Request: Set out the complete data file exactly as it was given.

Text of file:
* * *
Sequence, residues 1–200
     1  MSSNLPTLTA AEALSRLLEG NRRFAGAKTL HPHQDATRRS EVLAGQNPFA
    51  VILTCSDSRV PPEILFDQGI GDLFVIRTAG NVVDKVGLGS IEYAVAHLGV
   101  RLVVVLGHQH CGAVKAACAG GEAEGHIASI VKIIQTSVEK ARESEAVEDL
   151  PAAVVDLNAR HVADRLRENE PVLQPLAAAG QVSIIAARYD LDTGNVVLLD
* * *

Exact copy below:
Sequence, residues 1–200
     1  MSSNLPTLTA AEALSRLLEG NRRFAGAKTL HPHQDATRRS EVLAGQNPFA
    51  VILTCSDSRV PPEILFDQGI GDLFVIRTAG NVVDKVGLGS IEYAVAHLGV
   101  RLVVVLGHQH CGAVKAACAG GEAEGHIASI VKIIQTSVEK ARESEAVEDL
   151  PAAVVDLNAR HVADRLRENE PVLQPLAAAG QVSIIAARYD LDTGNVVLLD